Designer Interview + Giveaway // Pine & Boon

utilitarian, simplistic, and genUine are a few words that best describe artist Jess Marie griffith's accessories line, pine boon. we talked to Jess aboUt her inspirations, aspirations, and what the fUtUre holds. coUld hers be the next "it" bag of the seattle area? (let's Make that happen, people). 


A shot from Pine & Boon's Spring/Summer Lookbook

A shot from Pine & Boon's Spring/Summer Lookbook

What is one of the biggest risks you took in your career?

I would say doing what I am doing now! Starting a business is very risky and takes a couple of years to start making a modest profit. I am lucky to have a partner that has a steady flow of income so that I can focus on the business. I still work and take part-time freelance jobs here and there, and sometimes even apply for part-time positions if I feel like they are a good fit. I actually never meant to do Pine & Boon full-time, I just wanted to give it a try since admin jobs were not taking me anywhere.

What inspired your brand name?

"Pine" represents the Pacific Northwest landscape, and "Boon" means community. Pacific Northwest nature and community are what keep me going.

Where do you hope to see you and your brand in five years?

This is such a tough question for me as I feel like one of the reasons I started Pine & Boon was because I did not know what I wanted. I am constantly learning what it is I want to offer this world, and I think I know more than I did three years ago. I would like to continue Pine & Boon on a small scale, but expand to also offering a home line that is a collaborative design effort of my husband and I. I want to get these goods manufactured and go the traditional trade show route rather than making everything myself like I am doing now. I really see myself being a creative director of sorts, and expanding the business will allow me to keep doing that. I studied art in school, not design. So I really had to learn how to create the job that I want since I lack the training and design experience. I see my business as my portfolio!

Well, the idea of creating a home line is pretty exciting! What sort of items would you hope to produce?

The goal is to create patterns collaboratively with my husband (artist Cable Griffith) that can be printed onto pillows, sheets, and rugs. Maybe even wallpaper, table linens, and plates! I pretty much think our collaborative design work will look good on anything. We already did a test run of the pillows.

Where do you draw inspiration from for your designs? 

Art! I have an art background and had a career managing an art gallery. There I really saw a lot of art but I also felt like there was a need to connect middle-class people to art in a more utilitarian way. My husband and I collect art in a very affordable way by doing trades. But also, we really love living with the art.  It really means a lot to us and I was inspired to move into design for this reason. I am really not interested in separating art and product. I believe one can be thoughtful about bringing art into business. Afterall, becoming an artist is a business too. Admitting that is really a taboo thing to do in the art world. Also, why do everything the way everyone else does it?  Isn't the whole point of being creative pushing yourself, trying new things, and breaking rules?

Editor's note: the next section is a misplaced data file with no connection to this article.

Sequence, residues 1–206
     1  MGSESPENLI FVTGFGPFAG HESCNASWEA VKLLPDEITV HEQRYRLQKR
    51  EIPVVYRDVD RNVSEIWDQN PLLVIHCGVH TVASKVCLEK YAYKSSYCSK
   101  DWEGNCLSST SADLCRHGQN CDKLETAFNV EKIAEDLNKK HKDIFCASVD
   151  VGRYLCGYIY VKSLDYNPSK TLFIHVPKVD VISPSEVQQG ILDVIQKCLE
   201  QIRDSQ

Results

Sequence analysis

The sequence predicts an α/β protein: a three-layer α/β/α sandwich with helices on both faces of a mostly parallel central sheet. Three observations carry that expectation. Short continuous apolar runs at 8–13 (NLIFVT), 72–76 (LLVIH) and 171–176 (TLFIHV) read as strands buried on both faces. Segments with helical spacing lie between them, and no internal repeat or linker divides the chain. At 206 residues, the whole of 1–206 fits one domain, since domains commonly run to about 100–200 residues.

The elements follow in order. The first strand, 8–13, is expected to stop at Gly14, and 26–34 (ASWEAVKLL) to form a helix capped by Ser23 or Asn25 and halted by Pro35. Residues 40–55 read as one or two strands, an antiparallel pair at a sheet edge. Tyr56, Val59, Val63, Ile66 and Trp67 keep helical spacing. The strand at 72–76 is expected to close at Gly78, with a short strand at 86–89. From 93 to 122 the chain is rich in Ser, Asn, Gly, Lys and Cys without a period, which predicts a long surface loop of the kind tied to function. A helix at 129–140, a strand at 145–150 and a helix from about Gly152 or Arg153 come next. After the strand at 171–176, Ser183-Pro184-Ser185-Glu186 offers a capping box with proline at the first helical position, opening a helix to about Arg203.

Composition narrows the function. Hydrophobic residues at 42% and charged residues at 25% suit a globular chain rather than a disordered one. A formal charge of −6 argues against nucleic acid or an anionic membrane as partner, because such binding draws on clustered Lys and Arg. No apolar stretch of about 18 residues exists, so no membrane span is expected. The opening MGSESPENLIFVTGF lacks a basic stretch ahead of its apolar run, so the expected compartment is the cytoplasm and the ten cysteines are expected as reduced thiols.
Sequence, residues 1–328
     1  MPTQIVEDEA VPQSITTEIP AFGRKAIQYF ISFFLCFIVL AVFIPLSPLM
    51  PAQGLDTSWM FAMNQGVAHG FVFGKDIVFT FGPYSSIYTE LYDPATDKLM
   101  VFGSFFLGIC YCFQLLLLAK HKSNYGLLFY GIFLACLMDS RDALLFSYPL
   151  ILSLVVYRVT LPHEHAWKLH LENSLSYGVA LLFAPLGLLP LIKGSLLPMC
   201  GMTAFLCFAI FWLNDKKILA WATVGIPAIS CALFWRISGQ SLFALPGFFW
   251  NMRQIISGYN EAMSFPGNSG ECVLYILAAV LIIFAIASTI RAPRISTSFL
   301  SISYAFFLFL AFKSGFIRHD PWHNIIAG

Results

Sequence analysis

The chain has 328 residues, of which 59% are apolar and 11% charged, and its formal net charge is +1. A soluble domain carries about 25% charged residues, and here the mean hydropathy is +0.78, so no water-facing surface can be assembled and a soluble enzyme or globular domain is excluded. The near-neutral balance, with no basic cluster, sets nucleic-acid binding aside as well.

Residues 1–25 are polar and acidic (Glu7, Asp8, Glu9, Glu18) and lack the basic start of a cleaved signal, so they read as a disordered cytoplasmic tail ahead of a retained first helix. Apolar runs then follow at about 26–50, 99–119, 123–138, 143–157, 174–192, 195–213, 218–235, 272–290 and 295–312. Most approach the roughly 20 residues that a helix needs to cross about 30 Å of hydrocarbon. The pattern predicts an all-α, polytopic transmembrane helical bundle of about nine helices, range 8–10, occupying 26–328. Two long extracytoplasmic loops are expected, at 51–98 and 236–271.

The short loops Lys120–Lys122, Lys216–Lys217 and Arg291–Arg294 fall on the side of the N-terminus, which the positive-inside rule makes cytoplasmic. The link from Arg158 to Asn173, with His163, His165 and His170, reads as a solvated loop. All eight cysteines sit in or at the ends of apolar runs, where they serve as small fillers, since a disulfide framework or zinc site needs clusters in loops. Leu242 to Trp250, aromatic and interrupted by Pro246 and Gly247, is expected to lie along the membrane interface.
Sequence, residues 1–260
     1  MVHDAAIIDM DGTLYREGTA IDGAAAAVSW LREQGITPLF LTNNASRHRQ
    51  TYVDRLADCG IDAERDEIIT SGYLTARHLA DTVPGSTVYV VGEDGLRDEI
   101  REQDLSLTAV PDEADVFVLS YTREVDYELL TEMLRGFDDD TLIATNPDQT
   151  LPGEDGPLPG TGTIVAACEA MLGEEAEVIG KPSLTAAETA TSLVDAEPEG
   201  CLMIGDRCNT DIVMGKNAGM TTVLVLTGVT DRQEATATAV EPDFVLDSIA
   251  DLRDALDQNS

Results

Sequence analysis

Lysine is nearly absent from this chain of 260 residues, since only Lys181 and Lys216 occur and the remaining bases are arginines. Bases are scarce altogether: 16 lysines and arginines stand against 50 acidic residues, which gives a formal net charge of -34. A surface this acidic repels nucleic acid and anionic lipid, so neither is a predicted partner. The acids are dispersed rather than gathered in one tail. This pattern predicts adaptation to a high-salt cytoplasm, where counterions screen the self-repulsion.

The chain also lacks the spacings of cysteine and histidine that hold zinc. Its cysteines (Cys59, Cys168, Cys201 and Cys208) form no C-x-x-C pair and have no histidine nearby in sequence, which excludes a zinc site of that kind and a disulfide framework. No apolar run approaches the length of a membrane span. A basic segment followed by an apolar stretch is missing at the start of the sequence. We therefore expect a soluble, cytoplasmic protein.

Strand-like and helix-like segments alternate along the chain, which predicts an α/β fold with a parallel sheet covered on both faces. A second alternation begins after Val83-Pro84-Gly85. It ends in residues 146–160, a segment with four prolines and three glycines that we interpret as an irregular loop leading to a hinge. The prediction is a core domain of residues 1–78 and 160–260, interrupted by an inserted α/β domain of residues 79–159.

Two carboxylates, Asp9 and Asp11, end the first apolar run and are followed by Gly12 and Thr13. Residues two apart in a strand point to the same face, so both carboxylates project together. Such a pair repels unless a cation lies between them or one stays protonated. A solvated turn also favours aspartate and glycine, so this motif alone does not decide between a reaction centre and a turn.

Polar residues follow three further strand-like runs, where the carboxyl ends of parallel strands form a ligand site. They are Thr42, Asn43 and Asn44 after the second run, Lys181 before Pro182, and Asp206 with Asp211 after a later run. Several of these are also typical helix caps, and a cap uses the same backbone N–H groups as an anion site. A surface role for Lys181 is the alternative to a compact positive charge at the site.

Who are some people/designers/artists who inspire your own work?

Well, Moorea of course! I interned with her a few years back, as well as knew her from college. I learned there is a lot of business in a creative business. This really made me realize I have the skills to start my own.  

I read two artist biographies last year that gave me so much inspiration: Sonia Delaunay and Agnes Martin. Dusen Dusen is a designer I am always looking at. I love her style but also her bold moves when it comes to design and business.

Jess and her adorable kitty Moneypenny

Jess and her adorable kitty Moneypenny

Who is your style icon?

I really do not have one icon I look to. I am a big people watcher so I love seeing what all kinds of people are wearing. I am really interested in how things are put together, odd choices, a not so serious approach to dressing. I also tend to love the not-overdressed approach. I always take the last thing I put on off. I think maybe Coco Chanel gave that advice. I am reading Women in Clothes right now and I am so in love with the stories and life experiences that are behind clothing.

Were you self-taught in leather-working/designing, or do you have some sort of training?

I learned to sew from my mother, but mostly quilts and some clothing. I actually hate sewing fabric! Sewing leather is so much easier for me. It is more straight forward, I think. I can get impatient so I think that is why I prefer it. I am mostly self-taught in leather-working. I teach myself things all the time by just researching online or via old books. I can also look at a picture and figure out how to make something. My brother is a mechanic, so I think I have a somewhat mechanic brain too, just in a different way.

What is your favorite item in your collection and why? 

Right now I really love the Painted Plaid Convertible Clutch. It is hand-painted by yours truly and comes with a strap so you can wear it different ways depending on the occasion. I dress pretty simply and like to use accessories to spice things up. The bright blue does just that!


One lucky blog reader will win their choice of  suede punched mini pouch. To enter, leave a comment on this post with your email address. A winner will be picked randomly in approximately one week!